In addition to tying the knot, the couple also purchased their first home, so it’s been a busy few weeks for the newlyweds and there are a few more major events on Zahabi’s calendar before the year is complete – namely this weekend’s showdown with Ramos and his 30th birthday on November 19.
Despite the hectic schedule and major life milestones, Zahabi feels well prepared for his sophomore appearance in the Octagon and ready for what the talented 22-year-old Brazilian brings to the table.
“He has great submission attacks,” he said of Ramos, who collected a unanimous decision win over Michinori Tanaka back in February. “He’s very good offensively when he’s on top, his ground-and-pound is nice as well – but I’m wondering how strong his grappling defense is.
“That’s something we can put to the test. He’s lost that way before and we’ll see what his striking is like too; we’ll see how comfortable he is on the feet because I’ve noticed that he likes to shoot a lot.
“He’s going to try to get the fight to the ground, but I had Ryan Hall come in to work my submission defense, my submission prevention. I worked with John Danaher and the Death Squad. I worked with “Silver Fox,” Karel Pravec. I worked with so many good grapplers, so I really feel secure in my jiu-jitsu.”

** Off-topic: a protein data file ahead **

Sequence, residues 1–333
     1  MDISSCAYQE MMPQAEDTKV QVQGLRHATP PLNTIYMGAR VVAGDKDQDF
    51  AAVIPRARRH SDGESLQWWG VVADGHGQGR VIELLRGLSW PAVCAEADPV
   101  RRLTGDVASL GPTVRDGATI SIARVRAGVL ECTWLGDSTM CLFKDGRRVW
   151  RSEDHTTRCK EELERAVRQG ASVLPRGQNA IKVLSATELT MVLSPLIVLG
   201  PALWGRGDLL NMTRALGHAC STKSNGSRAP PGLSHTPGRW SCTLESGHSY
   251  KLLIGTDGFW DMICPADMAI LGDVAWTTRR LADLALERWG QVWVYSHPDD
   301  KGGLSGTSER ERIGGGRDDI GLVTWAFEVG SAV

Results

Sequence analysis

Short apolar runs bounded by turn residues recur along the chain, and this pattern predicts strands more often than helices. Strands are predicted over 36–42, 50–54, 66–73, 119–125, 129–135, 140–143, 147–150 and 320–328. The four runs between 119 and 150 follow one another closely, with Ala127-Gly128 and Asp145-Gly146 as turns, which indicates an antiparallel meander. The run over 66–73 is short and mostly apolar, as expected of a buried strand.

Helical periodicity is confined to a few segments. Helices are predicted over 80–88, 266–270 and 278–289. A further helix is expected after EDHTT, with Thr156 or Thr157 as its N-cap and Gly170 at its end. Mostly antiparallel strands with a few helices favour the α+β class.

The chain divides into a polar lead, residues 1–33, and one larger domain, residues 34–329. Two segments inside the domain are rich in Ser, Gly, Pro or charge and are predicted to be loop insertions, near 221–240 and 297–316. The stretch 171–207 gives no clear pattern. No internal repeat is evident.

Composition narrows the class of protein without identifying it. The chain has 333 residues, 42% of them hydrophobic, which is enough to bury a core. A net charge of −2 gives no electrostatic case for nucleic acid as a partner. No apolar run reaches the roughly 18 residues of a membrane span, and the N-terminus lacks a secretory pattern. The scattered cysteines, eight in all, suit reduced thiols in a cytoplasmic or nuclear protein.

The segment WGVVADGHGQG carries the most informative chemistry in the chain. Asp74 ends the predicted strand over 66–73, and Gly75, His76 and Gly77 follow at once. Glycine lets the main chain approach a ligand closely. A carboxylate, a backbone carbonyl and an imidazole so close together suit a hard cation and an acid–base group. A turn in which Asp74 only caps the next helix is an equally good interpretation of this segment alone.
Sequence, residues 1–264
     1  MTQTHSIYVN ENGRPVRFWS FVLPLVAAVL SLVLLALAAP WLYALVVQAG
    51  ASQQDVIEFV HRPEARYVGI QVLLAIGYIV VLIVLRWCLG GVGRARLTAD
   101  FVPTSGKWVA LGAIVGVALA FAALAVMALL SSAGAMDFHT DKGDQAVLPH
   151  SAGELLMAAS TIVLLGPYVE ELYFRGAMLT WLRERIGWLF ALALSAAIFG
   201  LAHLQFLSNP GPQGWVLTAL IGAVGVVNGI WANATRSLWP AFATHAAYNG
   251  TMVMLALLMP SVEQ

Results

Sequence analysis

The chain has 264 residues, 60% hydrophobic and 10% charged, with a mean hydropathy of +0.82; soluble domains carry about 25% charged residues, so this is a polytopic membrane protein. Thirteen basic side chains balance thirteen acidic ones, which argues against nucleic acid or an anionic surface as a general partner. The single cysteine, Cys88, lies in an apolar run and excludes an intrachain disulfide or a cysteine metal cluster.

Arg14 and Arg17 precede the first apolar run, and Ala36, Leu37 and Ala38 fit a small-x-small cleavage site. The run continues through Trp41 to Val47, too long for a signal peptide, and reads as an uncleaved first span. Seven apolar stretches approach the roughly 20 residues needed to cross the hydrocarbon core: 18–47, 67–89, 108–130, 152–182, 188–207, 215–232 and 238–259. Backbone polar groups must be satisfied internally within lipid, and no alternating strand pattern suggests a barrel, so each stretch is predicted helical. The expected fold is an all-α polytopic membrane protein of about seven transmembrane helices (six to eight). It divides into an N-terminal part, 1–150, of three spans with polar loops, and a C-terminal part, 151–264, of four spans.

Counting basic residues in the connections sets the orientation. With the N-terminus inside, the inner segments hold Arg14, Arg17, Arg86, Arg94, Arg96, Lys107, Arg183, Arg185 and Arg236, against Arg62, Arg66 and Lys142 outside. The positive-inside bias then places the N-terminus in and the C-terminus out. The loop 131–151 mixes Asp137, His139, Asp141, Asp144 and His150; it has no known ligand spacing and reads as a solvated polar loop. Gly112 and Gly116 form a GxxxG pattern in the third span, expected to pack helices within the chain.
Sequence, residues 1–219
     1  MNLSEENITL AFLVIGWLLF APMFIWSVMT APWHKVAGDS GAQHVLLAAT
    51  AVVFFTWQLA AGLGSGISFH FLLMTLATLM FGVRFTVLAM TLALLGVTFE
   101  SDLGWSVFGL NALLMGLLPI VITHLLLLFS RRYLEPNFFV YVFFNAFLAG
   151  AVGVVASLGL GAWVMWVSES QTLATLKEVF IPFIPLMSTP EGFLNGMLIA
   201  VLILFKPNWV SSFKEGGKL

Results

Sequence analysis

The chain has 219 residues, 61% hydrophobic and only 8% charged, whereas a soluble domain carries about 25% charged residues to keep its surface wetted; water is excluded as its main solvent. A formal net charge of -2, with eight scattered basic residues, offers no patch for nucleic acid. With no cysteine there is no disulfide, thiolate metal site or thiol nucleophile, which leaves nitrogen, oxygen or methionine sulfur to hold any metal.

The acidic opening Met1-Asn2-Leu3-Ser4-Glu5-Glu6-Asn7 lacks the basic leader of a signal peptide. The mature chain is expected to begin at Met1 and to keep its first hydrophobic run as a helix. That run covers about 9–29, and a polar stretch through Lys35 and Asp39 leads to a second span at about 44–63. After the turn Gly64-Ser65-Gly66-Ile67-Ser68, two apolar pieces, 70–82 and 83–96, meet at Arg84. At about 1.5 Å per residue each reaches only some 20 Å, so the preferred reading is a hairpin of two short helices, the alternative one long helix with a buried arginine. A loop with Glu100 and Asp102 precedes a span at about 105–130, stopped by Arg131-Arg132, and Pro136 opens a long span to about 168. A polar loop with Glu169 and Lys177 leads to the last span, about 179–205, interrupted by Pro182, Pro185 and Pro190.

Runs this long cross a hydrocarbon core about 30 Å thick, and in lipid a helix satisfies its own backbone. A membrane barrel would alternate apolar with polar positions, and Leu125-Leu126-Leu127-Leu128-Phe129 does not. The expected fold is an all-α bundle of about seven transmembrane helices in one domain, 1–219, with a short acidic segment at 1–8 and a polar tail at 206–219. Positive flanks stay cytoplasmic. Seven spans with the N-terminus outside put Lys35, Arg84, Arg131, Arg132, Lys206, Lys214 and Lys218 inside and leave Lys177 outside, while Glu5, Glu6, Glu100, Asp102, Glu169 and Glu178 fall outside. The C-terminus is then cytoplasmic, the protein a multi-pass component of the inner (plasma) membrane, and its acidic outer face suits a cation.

More importantly, he’s secure with life as a whole.
Although this is just his second appearance in the UFC and his eighth professional appearance overall, the skilled and cerebral Zahabi has worked long and hard in the shadows, coaching in the gym, cornering fighters and building a foundation for himself and his budding family so that the ebbs and flows of his career in the cage do not define how he’s able to live his life outside of it.
“That’s the one thing I’m happiest with is that I don’t need to win this fight to buy myself a house or get married. I’m secure in my life outside of fighting. Fighting means a lot to me, but I’m happy that my life has been set up that way.
“I feel like I’ve done everything I can to win,” he added. “It’s possible. It’s within my grasp. I could get a knockout. I could get a submission. I could win a decision. It’s all in the realm of possibilities. There is also a chance I could lose, but I don’t need the win; it doesn’t define who I am and I’m happy to be in this space.”